Webinar: health officials to advise labs on testing patients for Ebola

Oct. 6, 2014

Now that the Ebola virus has arrived in the United States, the ability of clinical laboratories to quickly identify patients who need treatment and require isolation will play a critical role in preventing an outbreak. To help labs prepare for this, the American Association for Clinical Chemistry (AACC) will host a webinar, “Developing a Plan for Specimen Management and Testing of Patients With Emerging Viruses,” on Wednesday, October 7, from 2 pm to 3 pm EST, featuring Nancy E. Cornish, MD, a medical officer with the Centers for Disease Control and Prevention’s Division of Laboratory Science and Standards. Dr. Cornish helped develop the CDC’s Interim Guidance for Specimen Collection, Transport, Testing, and Submission for Persons under Investigation for Ebola Virus and Disease in the United States, which was written to help labs manage and test specimens from suspected Ebola patients.

Microbiology and point-of-care expert Sheldon Campbell, MD, PhD, will also present during the webinar, and former AACC President Catherine Hammett-Stabler, PhD, will moderate the discussion. Dr. Campbell is director of laboratories at VA Connecticut Health System and associate professor of laboratory medicine at Yale University School of Medicine in New Haven, CT. Dr. Hammett-Stabler is a professor of pathology and laboratory medicine with the University of North Carolina School of Medicine in Chapel Hill.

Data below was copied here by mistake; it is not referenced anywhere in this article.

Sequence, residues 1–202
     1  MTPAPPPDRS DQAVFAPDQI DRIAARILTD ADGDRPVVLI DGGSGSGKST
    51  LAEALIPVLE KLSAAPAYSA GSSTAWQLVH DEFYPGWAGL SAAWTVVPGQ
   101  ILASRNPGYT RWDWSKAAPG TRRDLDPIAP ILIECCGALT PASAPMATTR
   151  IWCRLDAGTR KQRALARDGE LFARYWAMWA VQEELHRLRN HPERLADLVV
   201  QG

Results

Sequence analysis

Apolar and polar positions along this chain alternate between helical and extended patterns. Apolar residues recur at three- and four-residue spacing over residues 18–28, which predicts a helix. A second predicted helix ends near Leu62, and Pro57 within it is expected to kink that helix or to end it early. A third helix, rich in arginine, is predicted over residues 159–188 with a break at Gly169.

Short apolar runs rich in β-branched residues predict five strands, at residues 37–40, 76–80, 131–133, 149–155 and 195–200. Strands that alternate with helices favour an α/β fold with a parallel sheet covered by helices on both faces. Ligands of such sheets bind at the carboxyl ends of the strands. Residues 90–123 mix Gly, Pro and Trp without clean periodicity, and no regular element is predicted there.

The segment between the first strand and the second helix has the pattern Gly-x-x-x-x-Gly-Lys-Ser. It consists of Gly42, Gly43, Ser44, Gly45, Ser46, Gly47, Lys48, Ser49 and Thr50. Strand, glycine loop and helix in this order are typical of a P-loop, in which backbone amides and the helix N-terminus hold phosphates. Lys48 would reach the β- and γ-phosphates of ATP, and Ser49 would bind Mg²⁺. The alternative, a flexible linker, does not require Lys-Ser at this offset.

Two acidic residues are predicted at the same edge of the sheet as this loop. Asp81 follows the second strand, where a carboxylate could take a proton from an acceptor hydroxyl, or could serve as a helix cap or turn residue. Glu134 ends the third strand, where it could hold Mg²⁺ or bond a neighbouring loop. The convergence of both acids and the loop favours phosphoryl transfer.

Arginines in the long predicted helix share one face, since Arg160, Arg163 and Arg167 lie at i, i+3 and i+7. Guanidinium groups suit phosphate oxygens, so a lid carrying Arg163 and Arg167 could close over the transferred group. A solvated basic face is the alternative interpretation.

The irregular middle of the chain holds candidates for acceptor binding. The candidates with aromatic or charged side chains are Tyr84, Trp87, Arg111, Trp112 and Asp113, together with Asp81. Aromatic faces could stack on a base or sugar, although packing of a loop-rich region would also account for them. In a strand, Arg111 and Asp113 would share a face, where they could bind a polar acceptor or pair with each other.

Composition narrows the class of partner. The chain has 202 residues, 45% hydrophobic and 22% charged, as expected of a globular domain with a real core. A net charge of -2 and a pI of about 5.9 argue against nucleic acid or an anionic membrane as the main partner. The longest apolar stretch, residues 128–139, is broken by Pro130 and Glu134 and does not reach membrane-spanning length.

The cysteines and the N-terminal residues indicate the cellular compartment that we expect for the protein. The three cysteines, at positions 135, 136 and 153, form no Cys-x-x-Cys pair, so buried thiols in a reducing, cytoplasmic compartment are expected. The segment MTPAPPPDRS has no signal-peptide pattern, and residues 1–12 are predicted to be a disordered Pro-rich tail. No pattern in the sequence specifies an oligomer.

The first case of Ebola to be diagnosed outside of Africa was confirmed in Dallas on September 30. Now that the virus has spread beyond Africa, clinical testing will be a frontline weapon in the effort to treat patients and contain the disease. As an unfortunate example, doctors initially sent the Ebola patient in Dallas home with antibiotics, delaying his treatment and creating a public health risk that might have been avoided if proper testing had identified his illness.

Diagnosing Ebola comes with unique challenges that many labs would not ordinarily be prepared to face, making it crucial for labs to develop plans ahead of time for testing specimens from suspected Ebola virus patients. A chief concern is the special biohazard handling that Ebola testing requires; labs must perform a delicate balancing act of meeting patient needs while still protecting staff and not compromising care for the other patients they serve who do not have Ebola.

In the webinar, Drs. Cornish, Campbell, and Hammett-Stabler will address these issues, as well as topics such as the importance of distinguishing between Ebola and other emerging viruses, and the role point-of-care testing plays in managing patients with suspected emerging viruses.

Read a superb long article about the Ebola epidemic published in yesterday’s Washington Post.

Read more